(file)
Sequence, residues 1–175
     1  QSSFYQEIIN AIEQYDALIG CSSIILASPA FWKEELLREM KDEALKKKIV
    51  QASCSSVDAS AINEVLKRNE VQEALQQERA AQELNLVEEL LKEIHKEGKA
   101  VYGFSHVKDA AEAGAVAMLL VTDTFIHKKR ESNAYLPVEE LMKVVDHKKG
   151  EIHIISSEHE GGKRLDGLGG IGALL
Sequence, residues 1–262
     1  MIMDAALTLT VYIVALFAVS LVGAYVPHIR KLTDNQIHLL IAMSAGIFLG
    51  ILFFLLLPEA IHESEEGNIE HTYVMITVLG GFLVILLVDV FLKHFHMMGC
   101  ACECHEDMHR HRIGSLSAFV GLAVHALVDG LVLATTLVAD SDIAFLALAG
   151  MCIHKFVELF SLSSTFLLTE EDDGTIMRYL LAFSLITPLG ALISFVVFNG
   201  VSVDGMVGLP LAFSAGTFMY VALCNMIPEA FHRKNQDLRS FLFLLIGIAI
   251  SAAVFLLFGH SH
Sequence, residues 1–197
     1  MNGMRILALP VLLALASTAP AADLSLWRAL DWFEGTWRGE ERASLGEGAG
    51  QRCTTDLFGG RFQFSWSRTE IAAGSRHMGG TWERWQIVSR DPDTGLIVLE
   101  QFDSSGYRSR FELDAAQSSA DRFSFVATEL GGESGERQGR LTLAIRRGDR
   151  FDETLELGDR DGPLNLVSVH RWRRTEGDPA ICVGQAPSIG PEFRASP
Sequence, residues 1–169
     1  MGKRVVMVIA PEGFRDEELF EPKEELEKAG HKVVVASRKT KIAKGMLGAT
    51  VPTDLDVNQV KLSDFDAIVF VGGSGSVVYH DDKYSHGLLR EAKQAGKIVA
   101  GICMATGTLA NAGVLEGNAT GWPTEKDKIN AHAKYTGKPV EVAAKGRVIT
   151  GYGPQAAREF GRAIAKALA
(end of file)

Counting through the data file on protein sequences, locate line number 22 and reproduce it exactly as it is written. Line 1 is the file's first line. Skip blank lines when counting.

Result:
   151  GYGPQAAREF GRAIAKALA